Limit this search to....

Good Night, Gorilla BRDBK Edition
Contributor(s): Rathmann, Peggy
ISBN: 0399230033     ISBN-13: 9780399230035
Publisher: Putnam Pub Group
    OUR PRICE: $7.20  
Product Type: Board Book - Other Formats
Published: February 1996
Qty:
Annotation: At bedtime, the little gorilla cleverly grabs the zookeeper's keys and frees a parade of animals to follow the keeper home to bed. The zookeeper's wife returns them all--or does she? (Baby/Preschool)
Additional Information
Library of Congress Subjects:
Zoo animals; Fiction.
Zoos; Fiction.
BISAC Categories:
- Juvenile Fiction | Animals | Zoos
Dewey: [E]
LCCN: BL 99768270
Academic/Grade Level: Toddlers, Ages 2-4
Book type: Juvenile Fiction
Physical Information: 5.00" H x 6.50" W x 0.75" (0.60 lbs)
Scholastic Reading Counts Info
Quiz #: Q21914
Reading Level: 1.2   Interest Level: Grades K-2   Point Value: 1.0
 
Descriptions, Reviews, Etc.

Contributor Bio(s): Caldecott-medalist Peggy Rathmann was born in St. Paul, Minnesota, and grew up in the suburbs with two brothers and two sisters.

"In the summer we lolled in plastic wading pools guzzling Kool-Aid. In the winter we sculpted giant snow animals. It was a good life."

Ms. Rathmann graduated from Mounds View High School in New Brighton, Minnesota, then attended colleges everywhere, changing her major repeatedly. She eventually earned a B.A. in psychology from the University of Minnesota.

"I wanted to teach sign language to gorillas, but after taking a class in signing, I realized what I'd rather do was draw pictures of gorillas."

Ms. Rathmann studied commercial art at the American Academy in Chicago, fine art at the Atelier Lack in Minneapolis, and children's-book writing and illustration at the Otis Parsons School of Design in Los Angeles.

"I spent the first three weeks of my writing class at Otis Parsons filching characters from my classmates' stories. Finally, the teacher convinced me that even a beginning writer can create an original character if the character is driven by the writer's most secret weirdness. Eureka! A little girl with a passion for plagiarism! I didn't want anyone to know it was me, so I made the character look like my sister."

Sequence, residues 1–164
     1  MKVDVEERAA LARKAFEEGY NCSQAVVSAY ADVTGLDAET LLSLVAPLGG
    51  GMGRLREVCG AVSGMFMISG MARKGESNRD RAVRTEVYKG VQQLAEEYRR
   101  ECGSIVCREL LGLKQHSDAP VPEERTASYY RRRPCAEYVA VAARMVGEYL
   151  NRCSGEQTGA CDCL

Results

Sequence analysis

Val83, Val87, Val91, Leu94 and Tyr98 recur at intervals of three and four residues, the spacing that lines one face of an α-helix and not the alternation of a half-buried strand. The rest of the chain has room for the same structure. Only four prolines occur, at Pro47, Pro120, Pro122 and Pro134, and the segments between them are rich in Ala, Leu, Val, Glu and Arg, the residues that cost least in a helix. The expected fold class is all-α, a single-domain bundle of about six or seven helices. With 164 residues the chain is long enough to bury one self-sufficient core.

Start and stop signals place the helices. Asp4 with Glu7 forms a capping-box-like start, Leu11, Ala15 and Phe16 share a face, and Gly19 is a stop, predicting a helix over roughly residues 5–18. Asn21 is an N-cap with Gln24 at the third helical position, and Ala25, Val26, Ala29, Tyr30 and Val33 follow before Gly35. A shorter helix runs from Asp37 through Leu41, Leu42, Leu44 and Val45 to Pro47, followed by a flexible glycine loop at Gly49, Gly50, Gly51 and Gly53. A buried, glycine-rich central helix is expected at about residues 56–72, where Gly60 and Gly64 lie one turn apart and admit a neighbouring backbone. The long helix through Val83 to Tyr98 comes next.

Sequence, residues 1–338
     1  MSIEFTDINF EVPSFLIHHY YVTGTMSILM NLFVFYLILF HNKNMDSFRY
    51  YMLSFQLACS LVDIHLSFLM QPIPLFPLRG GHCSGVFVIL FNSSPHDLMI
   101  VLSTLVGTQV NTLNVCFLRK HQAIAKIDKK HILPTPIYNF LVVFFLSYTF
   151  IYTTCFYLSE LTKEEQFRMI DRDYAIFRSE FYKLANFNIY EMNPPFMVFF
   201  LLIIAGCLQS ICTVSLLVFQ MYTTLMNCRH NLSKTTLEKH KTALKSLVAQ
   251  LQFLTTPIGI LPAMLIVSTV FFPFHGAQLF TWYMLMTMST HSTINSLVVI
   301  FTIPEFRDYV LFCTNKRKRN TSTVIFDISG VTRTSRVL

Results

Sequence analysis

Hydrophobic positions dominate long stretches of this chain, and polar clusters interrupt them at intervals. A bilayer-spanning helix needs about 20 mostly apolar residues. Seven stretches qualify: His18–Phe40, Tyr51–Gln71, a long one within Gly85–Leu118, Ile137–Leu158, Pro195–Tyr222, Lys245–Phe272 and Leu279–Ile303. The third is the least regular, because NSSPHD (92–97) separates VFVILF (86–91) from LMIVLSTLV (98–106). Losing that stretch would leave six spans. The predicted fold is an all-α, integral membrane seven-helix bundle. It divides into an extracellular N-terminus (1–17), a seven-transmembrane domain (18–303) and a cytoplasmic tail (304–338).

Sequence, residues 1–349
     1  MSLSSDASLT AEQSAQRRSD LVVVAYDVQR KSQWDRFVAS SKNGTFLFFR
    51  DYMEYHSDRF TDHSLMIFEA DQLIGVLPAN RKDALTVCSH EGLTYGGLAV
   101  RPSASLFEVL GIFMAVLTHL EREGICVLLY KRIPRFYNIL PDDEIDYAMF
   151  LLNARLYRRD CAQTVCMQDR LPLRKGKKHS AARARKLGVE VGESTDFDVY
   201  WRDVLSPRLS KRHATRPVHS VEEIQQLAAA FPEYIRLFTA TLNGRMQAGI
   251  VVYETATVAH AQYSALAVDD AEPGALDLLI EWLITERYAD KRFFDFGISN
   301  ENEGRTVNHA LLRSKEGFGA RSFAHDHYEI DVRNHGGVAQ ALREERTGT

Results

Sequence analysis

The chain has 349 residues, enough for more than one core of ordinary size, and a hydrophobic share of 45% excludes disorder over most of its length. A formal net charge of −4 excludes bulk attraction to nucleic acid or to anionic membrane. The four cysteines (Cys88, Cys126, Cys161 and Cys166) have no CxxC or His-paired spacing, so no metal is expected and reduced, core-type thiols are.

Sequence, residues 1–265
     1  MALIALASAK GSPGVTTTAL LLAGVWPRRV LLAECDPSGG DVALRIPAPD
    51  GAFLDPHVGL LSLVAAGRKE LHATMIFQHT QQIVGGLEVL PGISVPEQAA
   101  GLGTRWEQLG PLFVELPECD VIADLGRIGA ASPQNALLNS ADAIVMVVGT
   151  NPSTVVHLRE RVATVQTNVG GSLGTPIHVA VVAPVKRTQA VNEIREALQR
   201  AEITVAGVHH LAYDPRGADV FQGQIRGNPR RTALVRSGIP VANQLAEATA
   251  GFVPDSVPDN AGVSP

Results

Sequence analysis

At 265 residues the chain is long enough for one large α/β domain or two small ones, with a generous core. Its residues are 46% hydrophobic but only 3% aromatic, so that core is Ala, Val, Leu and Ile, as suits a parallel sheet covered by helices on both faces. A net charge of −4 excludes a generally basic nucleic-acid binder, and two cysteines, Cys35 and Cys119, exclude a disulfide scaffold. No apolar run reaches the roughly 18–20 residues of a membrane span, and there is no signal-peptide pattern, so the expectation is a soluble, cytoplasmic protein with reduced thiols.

The resulting book, Ruby the Copycat, earned Ms. Rathmann the "Most Promising New Author" distinction in Publishers Weekly's 1991 annual Cuffie Awards. In 1992 she illustrated Bootsie Barker Bites for Barbara Bottner, her teacher at Otis Parsons.

A homework assignment produced an almost wordless story, Good Night, Gorilla, inspired by a childhood memory.

"When I was little, the highlight of the summer was running barefoot through the grass, in the dark, screaming. We played kick-the-can, and three-times-around-the-house, and sometimes we just stood staring into other people's picture windows, wondering what it would be like to go home to someone else's house."

That story, however, was only nineteen pages long, and everyone agreed that the ending was a dud. Two years and ten endings later, Good Night, Gorilla was published and recognized as an ALA Notable Children's Book for 1994.

The recipient of the 1996 Caldecott Medal, Officer Buckle and Gloria, is the story of a school safety officer upstaged by his canine partner.

"We have a videotape of my mother chatting in the dining room while, unnoticed by her or the cameraman, the dog is licking every poached egg on the buffet. The next scene shows the whole family at the breakfast table, complimenting my mother on the delicious poached eggs. The dog, of course, is pretending not to know what a poached egg is. The first time we watched that tape we were so shocked, we couldn't stop laughing. I suspect that videotape had a big influence on my choice of subject matter."

Ms. Rathmann lives and works in San Francisco, in an apartment she shares with her husband, John Wick, and a very funny bunch of ants.

copyright © 2000 by Penguin Putnam Books for Young Readers. All rights reserved.



Reviewed by Horn Book Guide Reviews (Horn Book Guide Reviews 1996)
Part of the fun of [cf2]Good Night, Gorilla[cf1] (Putnam) (besides watching animals escape behind a somnolent zookeeper's back, and saying ""Good night"" in seven different animal voices) is tracing the moonward progress of the balloon released from the gorilla's cage. In this board-book edition, the balloon is often hard to find or partially cropped out. Stick to the original picture book edition; it has the right format for its audience and is much better produced. Copyright 1998 Horn Book Guide Reviews

Reviewed by Publishers Weekly Reviews (PW Reviews 2000 May #3)
"Universally understandable subject matter and a narrative conveyed almost entirely through pictures mark this as an ideal title for beginners," said PW. Ages 2-6. (May) Copyright 2000 Cahners Business Information.